Data.gov forums invite people to share ideas and best practices about making government data more accessible.
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The White House has launched an online community on its Data.gov site inviting people to share ideas for how the federal government can provide more open access to data.
The Open Data Community went live on Monday and includes forums on a variety of topics -- including best practices, the balance between openness and security, and how to grow an open data community -- as well as blog posts from U.S. government officials about open data.
Other forums invite people to speak their minds about policies for international data sharing, exploring semantic technologies, and whether governments should adopt existing standards or create new ones for data sharing.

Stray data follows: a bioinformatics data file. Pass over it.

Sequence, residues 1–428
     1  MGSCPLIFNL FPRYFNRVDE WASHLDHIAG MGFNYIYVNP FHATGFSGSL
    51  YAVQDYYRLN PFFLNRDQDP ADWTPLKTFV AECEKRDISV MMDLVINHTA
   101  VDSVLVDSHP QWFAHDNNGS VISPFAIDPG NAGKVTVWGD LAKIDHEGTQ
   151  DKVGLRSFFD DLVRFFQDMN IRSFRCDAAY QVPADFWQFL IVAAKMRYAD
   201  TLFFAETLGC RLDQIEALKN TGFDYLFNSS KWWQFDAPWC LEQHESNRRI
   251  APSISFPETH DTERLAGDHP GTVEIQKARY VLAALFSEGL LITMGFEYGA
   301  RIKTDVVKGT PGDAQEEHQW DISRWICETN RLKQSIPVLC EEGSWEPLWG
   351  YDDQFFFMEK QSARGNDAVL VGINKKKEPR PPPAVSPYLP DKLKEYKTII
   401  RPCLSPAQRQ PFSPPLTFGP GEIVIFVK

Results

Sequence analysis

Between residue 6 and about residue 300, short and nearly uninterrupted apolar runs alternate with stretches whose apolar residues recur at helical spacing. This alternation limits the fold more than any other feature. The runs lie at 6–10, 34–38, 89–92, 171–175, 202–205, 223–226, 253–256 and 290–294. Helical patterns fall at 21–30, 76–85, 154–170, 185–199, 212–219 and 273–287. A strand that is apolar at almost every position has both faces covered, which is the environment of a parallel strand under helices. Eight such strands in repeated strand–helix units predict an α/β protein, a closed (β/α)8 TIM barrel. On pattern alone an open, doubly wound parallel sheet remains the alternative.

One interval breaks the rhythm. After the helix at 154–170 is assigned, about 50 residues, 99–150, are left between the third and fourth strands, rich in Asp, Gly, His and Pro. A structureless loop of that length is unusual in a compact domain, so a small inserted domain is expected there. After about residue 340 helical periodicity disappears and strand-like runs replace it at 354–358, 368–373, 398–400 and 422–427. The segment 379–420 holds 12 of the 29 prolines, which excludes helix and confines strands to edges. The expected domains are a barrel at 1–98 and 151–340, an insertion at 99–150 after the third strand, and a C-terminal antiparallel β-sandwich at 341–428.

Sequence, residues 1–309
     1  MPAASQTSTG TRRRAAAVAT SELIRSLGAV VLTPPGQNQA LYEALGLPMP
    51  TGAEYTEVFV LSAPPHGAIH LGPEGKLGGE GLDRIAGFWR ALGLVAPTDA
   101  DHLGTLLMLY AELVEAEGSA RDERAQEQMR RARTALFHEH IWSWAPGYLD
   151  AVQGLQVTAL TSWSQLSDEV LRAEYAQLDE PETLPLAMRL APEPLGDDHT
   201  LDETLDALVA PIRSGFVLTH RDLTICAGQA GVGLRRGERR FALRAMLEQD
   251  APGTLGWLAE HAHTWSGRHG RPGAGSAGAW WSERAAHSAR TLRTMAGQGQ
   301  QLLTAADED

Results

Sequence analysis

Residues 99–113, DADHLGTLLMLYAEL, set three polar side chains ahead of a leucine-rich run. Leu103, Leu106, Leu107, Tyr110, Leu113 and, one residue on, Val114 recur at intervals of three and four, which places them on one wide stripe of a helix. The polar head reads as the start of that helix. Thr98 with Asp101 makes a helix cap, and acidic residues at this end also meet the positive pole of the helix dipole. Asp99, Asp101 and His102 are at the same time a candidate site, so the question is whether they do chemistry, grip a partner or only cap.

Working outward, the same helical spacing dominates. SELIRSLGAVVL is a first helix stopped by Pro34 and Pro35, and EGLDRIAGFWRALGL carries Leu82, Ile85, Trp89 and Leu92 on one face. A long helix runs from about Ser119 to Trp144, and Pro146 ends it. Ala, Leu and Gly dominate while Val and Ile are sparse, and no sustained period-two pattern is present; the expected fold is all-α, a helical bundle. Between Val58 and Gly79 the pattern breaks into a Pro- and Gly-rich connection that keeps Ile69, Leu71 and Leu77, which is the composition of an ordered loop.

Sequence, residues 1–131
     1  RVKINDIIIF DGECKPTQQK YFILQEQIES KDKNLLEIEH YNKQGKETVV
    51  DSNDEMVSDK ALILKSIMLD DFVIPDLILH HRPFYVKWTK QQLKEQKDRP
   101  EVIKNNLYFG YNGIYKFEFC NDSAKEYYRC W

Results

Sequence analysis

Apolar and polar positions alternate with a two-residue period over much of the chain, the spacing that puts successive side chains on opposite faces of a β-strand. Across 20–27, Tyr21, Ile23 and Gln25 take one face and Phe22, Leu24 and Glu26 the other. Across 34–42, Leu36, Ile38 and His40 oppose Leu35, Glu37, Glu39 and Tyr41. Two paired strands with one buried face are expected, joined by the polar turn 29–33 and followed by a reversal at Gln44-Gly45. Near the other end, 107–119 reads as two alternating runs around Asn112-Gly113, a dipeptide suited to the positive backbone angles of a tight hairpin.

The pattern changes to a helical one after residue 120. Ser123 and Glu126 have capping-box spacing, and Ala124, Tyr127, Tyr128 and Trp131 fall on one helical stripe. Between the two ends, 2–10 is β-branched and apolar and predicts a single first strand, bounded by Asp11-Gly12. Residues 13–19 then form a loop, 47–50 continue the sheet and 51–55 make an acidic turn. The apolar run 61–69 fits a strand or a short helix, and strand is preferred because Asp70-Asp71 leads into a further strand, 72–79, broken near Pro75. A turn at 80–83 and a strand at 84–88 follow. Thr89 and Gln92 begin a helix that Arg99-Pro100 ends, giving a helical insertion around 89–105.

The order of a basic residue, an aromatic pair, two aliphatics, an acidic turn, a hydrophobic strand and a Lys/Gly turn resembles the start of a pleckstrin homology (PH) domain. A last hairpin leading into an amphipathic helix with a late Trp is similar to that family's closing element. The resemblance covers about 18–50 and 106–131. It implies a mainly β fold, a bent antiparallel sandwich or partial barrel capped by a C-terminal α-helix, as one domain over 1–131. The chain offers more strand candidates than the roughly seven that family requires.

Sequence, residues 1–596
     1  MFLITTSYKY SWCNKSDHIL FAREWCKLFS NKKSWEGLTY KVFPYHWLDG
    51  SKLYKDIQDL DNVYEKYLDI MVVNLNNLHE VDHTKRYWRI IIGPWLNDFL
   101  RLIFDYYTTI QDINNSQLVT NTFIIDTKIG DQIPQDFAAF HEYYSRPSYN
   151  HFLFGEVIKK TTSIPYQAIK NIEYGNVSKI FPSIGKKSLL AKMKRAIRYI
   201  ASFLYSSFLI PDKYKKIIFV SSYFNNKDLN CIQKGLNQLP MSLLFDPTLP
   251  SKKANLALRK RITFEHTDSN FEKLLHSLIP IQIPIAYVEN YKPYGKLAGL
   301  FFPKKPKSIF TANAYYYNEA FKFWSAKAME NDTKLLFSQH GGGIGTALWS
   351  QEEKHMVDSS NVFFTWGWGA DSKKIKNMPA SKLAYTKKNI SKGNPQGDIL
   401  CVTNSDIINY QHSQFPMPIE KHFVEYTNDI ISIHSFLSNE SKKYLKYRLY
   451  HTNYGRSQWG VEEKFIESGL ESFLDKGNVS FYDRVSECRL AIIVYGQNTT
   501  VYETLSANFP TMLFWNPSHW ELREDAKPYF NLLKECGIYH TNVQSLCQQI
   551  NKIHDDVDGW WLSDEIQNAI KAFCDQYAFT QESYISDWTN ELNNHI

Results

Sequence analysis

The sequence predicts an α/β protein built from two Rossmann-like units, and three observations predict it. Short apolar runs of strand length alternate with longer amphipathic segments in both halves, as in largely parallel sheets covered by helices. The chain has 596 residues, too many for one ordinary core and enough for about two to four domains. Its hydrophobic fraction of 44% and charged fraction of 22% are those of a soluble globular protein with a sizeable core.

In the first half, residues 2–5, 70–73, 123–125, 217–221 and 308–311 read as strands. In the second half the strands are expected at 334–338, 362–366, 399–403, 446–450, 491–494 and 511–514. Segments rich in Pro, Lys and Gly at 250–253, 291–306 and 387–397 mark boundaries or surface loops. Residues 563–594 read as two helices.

The White House hopes a wide array of people interested in the open data debate -- including policymakers, technologists, data owners, and average citizens -- will use the site to make recommendations for sharing data and creating policies for government transparency, according to the site.
The Obama administration also is inviting technology-savvy participants to create an application or mashup to make data the government shares on Data.gov more easily accessible or understandable.
Indeed, while there is certainly no shortage of information available on Data.gov, the administration has been criticized for the site's accessibility and usefulness. At the Gov 2.0 conference in September, Ellen Miller, executive director of open government advocacy group the Sunlight Foundation, called the site a "mediocre" data repository.
The White House launched Data.gov in May 2009 as part of the Obama administration's Open Government Directive, which mandates that all federal agencies use technology to make their activities more transparent and engage more actively with citizens.
There currently are 305,692 data sets available on Data.gov, and new ones are being added all the time. In the last 60 days, agencies, including the Department of Justice, the Department of Health and Human Services, and the General Services Administration, added 33 new data sets to the site.
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